bust

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bust

1. verb, informal To smash or break something with force. I had to use a shovel to bust the large clumps of ice that had formed around the wheels of my truck.
2. verb, informal To cause something to be inoperable or unusable; to break something. I think I busted my laptop when I dropped it earlier. It won't turn on for me.
3. verb, informal To break apart. The vase toppled off the table and busted into a dozen pieces.
4. verb, slang To injure a part of one's body. I tripped and busted my lip on the concrete step. Those two goons busted up my arm after I refused to pay the money.
5. verb, slang To punch, strike, or thrash someone or something. He said he would bust my face open if I ever said that about his mother again.
6. verb, slang To catch or apprehend someone for doing something illegal, illicit, or not allowed. The police finally busted the guy who had stolen all that money. I heard Tommy's parents busted him while he was smoking a joint.
7. verb, slang To raid a location in search of something illegal or illicit. Police busted one of the cartel's largest drug-processing compounds today, arresting more than 20 people and seizing more than $2.5 million worth of cocaine.
8. noun, slang A police raid on a location in search of something illegal or illicit. Today's bust led to the arrest of more than 20 people and the seizure of more than $2.5 million worth of cocaine.
9. noun, dated slang An indulgence of wild or celebratory activity, especially involving heavy alcohol consumption. We went on a quite a bust once the job was finished. Started on Friday and didn't stop drinking till morning. The university has been clamping down at beer busts held at the various fraternities and sororities around the campus.

bust (one)

To arrest one for an illegal act. The police busted us for underage drinking.
See also: bust
Farlex Dictionary of Idioms. © 2015 Farlex, Inc, all rights reserved.

bust

(one's) ass (to do something) and break one's balls to do something; bust one's butt to do something; bust one's nuts to do something Sl. to work very hard to do something. (The expressions with balls and nuts are said typically, but not necessarily, of a male. Potentially offensive. Use only with discretion.) I've been busting my nuts to get this thing done on time, and now they don't want it! The new boss expects you to bust your nuts every minute you are at work at the warehouse.

bust

(someone's) balls Go to break (someone's) balls.

bust

(someone's) stones Go to break (someone's) balls.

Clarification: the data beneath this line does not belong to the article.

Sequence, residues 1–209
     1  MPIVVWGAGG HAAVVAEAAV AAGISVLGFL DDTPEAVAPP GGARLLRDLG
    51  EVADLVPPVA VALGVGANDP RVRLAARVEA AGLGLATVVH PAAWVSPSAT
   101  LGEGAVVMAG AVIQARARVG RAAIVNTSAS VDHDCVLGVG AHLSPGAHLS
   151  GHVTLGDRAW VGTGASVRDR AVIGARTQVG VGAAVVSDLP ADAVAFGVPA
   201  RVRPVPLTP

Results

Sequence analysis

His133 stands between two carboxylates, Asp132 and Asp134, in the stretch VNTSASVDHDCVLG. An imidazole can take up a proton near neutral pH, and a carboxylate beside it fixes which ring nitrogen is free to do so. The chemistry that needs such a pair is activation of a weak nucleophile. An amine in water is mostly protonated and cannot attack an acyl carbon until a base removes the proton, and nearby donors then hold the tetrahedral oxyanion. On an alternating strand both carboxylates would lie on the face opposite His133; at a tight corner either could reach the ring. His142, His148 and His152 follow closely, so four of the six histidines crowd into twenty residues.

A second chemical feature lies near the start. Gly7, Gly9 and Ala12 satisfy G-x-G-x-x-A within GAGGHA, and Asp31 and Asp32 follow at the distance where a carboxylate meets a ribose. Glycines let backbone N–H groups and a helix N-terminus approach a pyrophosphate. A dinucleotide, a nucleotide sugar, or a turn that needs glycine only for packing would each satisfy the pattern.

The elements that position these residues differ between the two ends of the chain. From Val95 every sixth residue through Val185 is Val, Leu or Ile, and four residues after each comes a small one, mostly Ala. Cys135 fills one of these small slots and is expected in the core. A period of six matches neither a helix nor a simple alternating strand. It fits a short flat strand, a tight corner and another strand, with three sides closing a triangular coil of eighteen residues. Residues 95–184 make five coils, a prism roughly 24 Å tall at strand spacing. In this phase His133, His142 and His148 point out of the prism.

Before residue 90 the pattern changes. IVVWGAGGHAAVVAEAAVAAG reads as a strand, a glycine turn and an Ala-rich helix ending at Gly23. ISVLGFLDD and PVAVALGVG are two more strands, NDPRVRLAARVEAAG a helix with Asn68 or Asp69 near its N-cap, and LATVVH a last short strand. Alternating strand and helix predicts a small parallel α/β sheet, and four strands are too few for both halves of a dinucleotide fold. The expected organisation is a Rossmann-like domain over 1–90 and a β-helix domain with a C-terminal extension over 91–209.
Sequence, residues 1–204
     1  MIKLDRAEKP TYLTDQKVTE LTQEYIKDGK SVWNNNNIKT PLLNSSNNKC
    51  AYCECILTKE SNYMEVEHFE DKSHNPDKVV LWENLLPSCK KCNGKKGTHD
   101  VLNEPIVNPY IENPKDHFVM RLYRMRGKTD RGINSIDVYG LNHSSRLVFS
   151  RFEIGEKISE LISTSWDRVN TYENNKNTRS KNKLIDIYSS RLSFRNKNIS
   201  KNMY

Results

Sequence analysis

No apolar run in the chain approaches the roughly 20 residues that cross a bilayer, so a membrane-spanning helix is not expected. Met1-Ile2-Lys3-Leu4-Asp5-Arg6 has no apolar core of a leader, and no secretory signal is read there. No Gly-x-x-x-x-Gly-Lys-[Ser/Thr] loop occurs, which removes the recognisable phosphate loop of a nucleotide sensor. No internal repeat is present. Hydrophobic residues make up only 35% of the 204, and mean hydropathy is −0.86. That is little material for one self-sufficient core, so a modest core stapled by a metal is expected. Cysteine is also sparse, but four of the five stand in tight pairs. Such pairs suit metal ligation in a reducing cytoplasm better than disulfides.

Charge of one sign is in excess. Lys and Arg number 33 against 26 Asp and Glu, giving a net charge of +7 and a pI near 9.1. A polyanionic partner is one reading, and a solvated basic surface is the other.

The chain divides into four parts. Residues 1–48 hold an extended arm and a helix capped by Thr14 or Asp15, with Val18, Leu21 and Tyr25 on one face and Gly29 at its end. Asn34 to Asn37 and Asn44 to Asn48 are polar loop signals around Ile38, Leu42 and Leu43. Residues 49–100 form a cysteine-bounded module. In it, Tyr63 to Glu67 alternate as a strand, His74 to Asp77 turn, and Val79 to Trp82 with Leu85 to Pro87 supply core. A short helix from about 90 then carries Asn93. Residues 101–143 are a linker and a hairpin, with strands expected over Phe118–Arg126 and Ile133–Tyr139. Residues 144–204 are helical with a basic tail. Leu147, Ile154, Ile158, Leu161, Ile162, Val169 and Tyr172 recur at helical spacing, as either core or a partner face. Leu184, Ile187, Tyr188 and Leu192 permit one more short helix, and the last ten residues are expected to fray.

McGraw-Hill Dictionary of American Idioms and Phrasal Verbs. © 2002 by The McGraw-Hill Companies, Inc.

bust

verb
See busted

bust

1. n. a failure. The whole project was a bust from the beginning.
2. tv. to reduce someone’s rank. (Originally military, now also in civilian use as with the police.) The brass busted her on the spot.
3. n. a riotous drinking party. There was a big bust in the park until two in the morning.
4. n. a raid by the police. I knew it was a bust the minute they broke in the door.
5. tv. [for the police] to raid a place. The bacon busted Bill’s bar and put Bill in the slammer.
6. tv. to arrest someone. The feds finally busted Frank on a tax rap.
7. n. an arrest. The bust was carried off without much stress.
8. tv. to inform on someone, leading to an arrest. Tom busted Sam because there’s bad blood between them.
9. n. the police. Here comes the bust. Beat it!
10. Go to busted.

busted

1. and bust mod. arrested. Harry the Horse is bust again. The third time this month. How many times you been busted for speeding?
2. mod. alcohol intoxicated. I went to a beer bust and got busted.
McGraw-Hill's Dictionary of American Slang and Colloquial Expressions Copyright © 2006 by The McGraw-Hill Companies, Inc. All rights reserved.

bust (one's)

ass/balls/butt Vulgar Slang
To make a strenuous effort; work very hard.
American Heritage® Dictionary of the English Language, Fifth Edition. Copyright © 2016 by Houghton Mifflin Harcourt Publishing Company. Published by Houghton Mifflin Harcourt Publishing Company. All rights reserved.
See:
References in classic literature ?
"It's the Napoleon bust business again," said Lestrade.
"It all seems to centre round that bust of Napoleon which I bought for this very room about four months ago.
"And what became of the bust?" asked Holmes, after a careful study of this picture.
Are you coming with us to see the remains of your bust, Mr.
The spat where the fragments of the bust had been found was only a few hundred yards away.
The possession of this trifling bust was worth more, in the eyes of this strange criminal, than a human life.
But I wish to call your attention very particularly to the position of this house, in the garden of which the bust was destroyed."
Barnicot's bust was broken not far from his red lamp.
Sherlock Holmes and I walked together to the High Street, where we stopped at the shop of Harding Brothers, whence the bust had been purchased.
The cast was taken in two moulds from each side of the face, and then these two profiles of plaster of Paris were joined together to make the complete bust. The work was usually done by Italians, in the room we were in.
It was a bust of Napoleon, like the one which we had seen that morning, and it had been broken into similar fragments.
You wrote to me about a bust that is in my possession."
I only gave fifteen shillings for the bust, and I think you ought to know that before I take ten pounds from you.
I brought the bust up with me, as you asked me to do.
It is simply to say that you transfer every possible right that you ever had in the bust to me.